My Dinner with Steve Ross and Randy Read

Theatre fans in Stratford—well beyond our borders, too—know Steve Ross. The award-winning actor and singer has been with the Company for more than 15 seasons. His pedigree and credits are impressive. This season, he’s scheduled to be on stage in “Chicago” and “The Miser.” (For a taste of one of Steve’s show-stopping, past performances, check the “comments” section attached to this post. Also, Google Steve’s biography.)

Steve’s husband of 28 years, Randy Read, has carved out his own place of prominence in the arts: actor, stage manager, director, producer and, for many years now, artistic director of the theatre company, New Stages, in Peterborough, Ontario. (Hi, Google? Tell me more about Randy.)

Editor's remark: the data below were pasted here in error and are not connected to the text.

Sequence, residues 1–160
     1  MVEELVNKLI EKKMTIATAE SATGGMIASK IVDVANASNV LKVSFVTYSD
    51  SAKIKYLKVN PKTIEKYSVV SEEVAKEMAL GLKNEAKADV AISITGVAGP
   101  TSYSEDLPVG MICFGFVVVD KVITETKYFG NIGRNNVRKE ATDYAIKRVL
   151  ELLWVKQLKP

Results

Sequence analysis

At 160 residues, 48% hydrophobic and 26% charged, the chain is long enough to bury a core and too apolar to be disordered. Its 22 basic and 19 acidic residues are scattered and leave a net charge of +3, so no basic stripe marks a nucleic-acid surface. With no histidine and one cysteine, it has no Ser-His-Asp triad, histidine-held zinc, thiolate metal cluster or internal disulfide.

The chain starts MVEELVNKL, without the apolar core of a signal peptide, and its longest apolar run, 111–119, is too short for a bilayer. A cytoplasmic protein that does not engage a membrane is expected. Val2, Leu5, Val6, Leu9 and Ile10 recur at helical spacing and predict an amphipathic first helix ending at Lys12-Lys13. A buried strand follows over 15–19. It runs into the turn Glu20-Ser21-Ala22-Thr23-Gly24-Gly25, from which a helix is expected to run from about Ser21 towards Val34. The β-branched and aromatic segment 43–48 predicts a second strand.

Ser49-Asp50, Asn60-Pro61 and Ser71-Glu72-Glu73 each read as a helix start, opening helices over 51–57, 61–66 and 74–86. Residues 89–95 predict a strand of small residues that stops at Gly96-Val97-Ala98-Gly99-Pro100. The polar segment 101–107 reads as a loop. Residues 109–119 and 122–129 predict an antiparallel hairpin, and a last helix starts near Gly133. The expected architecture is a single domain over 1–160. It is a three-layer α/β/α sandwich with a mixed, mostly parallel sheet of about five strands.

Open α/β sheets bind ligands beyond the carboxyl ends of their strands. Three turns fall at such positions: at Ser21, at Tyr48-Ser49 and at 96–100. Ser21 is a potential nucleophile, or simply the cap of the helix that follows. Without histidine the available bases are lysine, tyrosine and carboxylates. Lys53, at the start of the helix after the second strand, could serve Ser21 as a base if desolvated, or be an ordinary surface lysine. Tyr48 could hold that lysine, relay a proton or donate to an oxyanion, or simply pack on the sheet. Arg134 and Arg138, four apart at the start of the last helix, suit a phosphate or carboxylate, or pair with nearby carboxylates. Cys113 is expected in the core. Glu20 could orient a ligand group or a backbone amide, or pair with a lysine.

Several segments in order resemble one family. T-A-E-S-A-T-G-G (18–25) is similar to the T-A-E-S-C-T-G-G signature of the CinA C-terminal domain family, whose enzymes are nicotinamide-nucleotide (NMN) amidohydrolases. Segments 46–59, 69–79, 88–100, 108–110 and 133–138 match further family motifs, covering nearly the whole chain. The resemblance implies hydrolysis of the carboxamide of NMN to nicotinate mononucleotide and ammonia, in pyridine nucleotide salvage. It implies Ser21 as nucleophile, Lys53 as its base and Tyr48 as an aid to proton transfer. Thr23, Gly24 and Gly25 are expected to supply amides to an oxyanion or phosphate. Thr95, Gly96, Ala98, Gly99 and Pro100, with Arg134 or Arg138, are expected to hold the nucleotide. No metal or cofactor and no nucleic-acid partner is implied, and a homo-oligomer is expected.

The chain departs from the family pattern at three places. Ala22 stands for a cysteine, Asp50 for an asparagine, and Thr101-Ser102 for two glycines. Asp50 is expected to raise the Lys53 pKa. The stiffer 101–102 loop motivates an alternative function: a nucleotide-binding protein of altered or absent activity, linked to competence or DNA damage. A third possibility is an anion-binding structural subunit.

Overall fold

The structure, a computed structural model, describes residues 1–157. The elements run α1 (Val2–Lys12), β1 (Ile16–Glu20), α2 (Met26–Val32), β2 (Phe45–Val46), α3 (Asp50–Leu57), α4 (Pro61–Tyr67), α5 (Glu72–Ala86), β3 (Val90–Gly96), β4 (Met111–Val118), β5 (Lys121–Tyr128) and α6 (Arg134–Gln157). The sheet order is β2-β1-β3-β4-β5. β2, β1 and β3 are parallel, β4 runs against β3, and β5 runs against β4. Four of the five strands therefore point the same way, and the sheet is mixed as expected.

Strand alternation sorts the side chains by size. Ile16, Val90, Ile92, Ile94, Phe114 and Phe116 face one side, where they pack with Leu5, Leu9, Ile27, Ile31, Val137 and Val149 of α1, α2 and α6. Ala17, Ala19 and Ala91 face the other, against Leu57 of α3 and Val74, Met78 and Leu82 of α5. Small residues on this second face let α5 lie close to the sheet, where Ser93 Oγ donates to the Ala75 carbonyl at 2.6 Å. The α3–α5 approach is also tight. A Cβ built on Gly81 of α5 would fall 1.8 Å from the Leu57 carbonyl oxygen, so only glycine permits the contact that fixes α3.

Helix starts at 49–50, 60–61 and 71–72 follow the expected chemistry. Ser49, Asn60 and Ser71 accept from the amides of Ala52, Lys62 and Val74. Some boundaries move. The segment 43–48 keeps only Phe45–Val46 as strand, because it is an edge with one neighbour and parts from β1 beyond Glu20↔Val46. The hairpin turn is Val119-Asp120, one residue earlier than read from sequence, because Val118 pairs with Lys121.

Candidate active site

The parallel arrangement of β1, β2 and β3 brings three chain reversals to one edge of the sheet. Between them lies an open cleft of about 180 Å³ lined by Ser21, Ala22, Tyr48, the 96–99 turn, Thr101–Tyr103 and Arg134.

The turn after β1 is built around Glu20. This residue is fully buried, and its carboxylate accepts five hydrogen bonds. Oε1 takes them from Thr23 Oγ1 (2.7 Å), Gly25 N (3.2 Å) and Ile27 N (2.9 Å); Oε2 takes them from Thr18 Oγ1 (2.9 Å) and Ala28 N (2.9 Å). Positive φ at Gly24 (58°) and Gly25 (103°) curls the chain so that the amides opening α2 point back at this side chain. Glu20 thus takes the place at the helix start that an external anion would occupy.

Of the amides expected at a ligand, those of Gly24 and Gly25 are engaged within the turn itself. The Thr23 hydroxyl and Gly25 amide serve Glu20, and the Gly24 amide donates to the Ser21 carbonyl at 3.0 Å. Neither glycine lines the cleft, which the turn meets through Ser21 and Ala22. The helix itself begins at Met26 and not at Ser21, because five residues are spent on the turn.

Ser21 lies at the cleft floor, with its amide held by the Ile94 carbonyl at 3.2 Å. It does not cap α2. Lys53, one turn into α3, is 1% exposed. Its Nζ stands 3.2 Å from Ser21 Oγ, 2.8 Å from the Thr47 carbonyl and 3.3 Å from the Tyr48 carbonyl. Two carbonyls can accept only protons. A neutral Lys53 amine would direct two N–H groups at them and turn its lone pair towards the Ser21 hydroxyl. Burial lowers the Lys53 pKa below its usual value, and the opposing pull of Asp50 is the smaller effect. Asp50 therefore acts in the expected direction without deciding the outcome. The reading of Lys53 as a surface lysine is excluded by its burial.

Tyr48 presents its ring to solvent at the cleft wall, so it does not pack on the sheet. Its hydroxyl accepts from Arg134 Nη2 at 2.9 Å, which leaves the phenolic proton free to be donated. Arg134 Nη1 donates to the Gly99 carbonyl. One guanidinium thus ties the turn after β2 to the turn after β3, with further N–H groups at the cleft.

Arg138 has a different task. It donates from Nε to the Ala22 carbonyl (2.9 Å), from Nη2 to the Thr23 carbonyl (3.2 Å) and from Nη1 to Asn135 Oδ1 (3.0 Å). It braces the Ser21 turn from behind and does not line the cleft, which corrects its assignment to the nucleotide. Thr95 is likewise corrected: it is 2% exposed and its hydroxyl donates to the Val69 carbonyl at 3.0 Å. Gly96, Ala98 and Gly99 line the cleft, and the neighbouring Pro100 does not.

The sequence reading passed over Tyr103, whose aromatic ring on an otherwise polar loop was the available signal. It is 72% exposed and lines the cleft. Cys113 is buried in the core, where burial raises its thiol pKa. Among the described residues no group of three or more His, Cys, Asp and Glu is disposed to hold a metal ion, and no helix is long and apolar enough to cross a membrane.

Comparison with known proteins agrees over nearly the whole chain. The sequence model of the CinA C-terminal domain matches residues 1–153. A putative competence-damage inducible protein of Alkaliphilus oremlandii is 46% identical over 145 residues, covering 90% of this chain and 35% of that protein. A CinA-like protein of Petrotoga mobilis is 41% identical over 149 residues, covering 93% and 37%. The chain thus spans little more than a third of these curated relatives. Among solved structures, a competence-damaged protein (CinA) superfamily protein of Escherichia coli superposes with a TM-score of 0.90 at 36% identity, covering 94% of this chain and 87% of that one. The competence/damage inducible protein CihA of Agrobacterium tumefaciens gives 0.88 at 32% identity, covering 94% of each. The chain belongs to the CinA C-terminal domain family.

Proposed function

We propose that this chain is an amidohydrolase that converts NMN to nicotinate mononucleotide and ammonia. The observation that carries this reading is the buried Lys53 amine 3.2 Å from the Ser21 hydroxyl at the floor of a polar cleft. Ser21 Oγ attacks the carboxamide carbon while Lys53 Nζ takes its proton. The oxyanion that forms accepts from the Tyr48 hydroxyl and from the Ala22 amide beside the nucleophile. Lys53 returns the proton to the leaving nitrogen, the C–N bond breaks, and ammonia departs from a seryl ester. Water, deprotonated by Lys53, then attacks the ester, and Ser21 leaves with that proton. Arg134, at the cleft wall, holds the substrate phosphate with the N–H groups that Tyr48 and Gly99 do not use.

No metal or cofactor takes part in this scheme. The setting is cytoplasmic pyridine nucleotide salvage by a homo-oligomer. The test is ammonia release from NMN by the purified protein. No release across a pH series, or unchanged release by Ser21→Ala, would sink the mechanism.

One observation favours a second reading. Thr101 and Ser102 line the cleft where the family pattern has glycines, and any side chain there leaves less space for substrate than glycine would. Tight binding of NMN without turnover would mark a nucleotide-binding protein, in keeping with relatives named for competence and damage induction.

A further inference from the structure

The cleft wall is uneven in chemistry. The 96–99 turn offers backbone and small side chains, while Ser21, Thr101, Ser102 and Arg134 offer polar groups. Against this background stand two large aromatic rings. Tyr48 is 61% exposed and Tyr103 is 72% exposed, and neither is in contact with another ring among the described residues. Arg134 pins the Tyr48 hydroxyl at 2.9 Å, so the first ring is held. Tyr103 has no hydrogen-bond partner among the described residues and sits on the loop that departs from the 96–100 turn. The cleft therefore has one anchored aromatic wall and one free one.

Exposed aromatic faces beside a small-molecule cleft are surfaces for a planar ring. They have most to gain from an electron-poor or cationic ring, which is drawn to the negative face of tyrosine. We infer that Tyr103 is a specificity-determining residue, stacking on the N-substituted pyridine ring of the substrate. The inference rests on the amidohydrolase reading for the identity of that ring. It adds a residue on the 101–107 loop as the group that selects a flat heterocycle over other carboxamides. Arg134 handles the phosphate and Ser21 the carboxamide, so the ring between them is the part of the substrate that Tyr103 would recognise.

The two men took time from their…um…busy?…days to talk about their lives, loves and concerns in the time of cholera.

(Steve=SR, Randy=RR)


WGF: How are you two bearing up during the pandemic?

SR: The day to day has morphed as the weeks have gone on. In the beginning, I was a bit obsessive about keeping a schedule. I would wake up at the same time. Make the bed. Clean up the kitchen. Read whatever I could on the internet about what had happened the night before. Panic about the statistics. Weep quietly. Then go out for a walk.

Much has remained the same but there’s been a definite relaxing of things. I find I’m sleeping a bit later. Still make the bed. Afternoons, I try to work on something. I’ll look at my lines for Chicago. I found I was losing my dialect so I wanted to keep working on that because when we go back it’s gonna be fast and furious, I’m sure.